Marilyn Halford (b.)
Footsteps (1975)
Part of Shoot Shoot Shoot: British Avant-Garde Film of the 1960s and 1970s (1966 - 1976)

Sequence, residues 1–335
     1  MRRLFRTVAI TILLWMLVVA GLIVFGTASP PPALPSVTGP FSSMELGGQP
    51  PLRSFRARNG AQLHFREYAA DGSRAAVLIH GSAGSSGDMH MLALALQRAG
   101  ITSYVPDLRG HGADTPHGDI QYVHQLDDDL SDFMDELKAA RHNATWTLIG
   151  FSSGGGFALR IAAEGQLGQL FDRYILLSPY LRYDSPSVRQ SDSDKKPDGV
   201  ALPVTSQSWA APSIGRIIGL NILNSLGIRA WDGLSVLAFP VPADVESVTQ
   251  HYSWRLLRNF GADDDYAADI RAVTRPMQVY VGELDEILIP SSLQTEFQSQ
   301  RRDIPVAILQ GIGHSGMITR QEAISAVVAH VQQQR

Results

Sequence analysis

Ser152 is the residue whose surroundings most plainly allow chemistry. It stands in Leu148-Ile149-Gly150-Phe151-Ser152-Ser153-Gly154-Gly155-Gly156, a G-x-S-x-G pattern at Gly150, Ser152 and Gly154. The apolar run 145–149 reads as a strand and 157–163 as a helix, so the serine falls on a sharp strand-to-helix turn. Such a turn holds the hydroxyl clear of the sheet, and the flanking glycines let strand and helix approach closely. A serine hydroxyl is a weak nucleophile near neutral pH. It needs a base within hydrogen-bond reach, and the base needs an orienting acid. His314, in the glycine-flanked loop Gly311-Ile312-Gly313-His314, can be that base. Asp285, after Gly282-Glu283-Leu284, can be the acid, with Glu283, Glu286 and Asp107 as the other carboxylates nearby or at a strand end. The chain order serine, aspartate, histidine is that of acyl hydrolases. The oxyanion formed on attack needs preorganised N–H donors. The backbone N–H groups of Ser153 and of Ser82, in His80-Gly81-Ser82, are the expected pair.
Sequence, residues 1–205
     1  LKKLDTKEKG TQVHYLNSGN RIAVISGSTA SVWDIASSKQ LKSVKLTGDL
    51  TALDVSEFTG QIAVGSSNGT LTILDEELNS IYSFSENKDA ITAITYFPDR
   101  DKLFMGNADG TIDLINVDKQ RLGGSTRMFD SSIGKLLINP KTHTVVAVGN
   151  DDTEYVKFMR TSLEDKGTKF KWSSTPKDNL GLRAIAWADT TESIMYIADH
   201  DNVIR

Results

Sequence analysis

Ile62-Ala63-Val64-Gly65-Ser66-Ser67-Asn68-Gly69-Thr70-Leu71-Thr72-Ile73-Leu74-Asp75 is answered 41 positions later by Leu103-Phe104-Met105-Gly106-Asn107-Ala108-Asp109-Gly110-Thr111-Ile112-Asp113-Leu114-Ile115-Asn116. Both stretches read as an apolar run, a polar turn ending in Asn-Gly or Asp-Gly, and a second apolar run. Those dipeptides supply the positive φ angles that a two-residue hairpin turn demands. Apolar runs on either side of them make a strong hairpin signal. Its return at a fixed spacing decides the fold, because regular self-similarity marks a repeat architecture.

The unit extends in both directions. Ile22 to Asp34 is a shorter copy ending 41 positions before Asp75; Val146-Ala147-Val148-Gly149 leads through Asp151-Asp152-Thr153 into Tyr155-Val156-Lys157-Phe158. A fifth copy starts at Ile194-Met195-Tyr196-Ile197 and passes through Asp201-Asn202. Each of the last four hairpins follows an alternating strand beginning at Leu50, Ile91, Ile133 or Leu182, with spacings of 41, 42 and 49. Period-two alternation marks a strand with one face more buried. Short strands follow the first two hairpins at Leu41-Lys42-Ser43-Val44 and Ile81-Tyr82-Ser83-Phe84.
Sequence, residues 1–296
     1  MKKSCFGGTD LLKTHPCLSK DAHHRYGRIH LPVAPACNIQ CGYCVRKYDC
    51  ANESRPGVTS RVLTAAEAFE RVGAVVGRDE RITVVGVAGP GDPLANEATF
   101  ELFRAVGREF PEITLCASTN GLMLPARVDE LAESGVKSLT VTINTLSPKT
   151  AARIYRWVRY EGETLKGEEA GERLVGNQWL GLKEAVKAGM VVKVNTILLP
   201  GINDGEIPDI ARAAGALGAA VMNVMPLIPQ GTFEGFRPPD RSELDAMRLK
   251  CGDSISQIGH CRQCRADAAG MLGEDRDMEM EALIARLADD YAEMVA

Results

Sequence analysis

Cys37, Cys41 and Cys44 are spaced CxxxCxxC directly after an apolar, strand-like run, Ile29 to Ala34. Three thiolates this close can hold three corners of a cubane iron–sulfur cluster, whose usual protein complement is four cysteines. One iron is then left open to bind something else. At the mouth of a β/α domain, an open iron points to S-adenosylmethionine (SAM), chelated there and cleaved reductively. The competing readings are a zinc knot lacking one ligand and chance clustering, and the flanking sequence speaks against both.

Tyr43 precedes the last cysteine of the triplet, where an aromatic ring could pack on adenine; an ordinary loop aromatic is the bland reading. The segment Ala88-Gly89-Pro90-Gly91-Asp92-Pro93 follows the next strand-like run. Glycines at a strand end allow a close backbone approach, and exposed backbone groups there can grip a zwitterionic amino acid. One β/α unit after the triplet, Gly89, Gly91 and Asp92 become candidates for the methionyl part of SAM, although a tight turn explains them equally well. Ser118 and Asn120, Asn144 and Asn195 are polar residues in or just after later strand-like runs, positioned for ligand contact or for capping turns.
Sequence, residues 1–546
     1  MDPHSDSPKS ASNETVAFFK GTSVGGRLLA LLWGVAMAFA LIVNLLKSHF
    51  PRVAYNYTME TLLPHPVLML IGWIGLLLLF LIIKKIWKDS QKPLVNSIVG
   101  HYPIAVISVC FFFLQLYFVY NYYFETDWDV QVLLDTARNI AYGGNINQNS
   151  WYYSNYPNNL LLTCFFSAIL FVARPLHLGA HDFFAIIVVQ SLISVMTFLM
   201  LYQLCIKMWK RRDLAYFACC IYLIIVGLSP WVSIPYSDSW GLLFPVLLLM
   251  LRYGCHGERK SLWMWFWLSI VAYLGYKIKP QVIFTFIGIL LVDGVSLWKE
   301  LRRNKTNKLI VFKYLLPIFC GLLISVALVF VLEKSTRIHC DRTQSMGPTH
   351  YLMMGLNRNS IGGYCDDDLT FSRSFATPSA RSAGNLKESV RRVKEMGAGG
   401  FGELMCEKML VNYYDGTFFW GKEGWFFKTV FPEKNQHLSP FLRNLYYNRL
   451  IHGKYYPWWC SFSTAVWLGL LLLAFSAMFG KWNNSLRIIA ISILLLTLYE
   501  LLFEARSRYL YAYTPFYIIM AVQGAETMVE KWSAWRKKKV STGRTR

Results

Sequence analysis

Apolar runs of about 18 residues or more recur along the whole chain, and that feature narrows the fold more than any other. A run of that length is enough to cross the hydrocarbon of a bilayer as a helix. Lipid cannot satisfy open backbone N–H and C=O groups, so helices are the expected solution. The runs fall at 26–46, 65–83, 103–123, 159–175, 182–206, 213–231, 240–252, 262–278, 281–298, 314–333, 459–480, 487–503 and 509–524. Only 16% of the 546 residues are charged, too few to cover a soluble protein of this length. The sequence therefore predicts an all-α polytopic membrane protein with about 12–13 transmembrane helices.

“Footsteps is in the manner of a game reinacted, the game in making was between the camera and actor, the actor and cameraman, and one hundred feet of film. The film became expanded into positive and negative to change balances within it; black for perspective, then black to shadow the screen and make paradoxes with the idea of acting, and the act of seeing the screen. The music sets a mood then turns a space, remembers the positive then silences the flatness of the negative. I am interested in the relationship of theatrical devices in film working at tangents with its abstract visual qualities. The use of a game works the memory, anticipation is set, positive film stands to resemble a three-dimensional sense of time in past/future. Then negative holds out film itself as the image is one stage further abstracted and a disquiet is set up in the point that the sound track ends, whilst the picture track continues.” – Marilyn Halford, Perspectives on British Avant-Garde Film exhibition catalogue, 1977)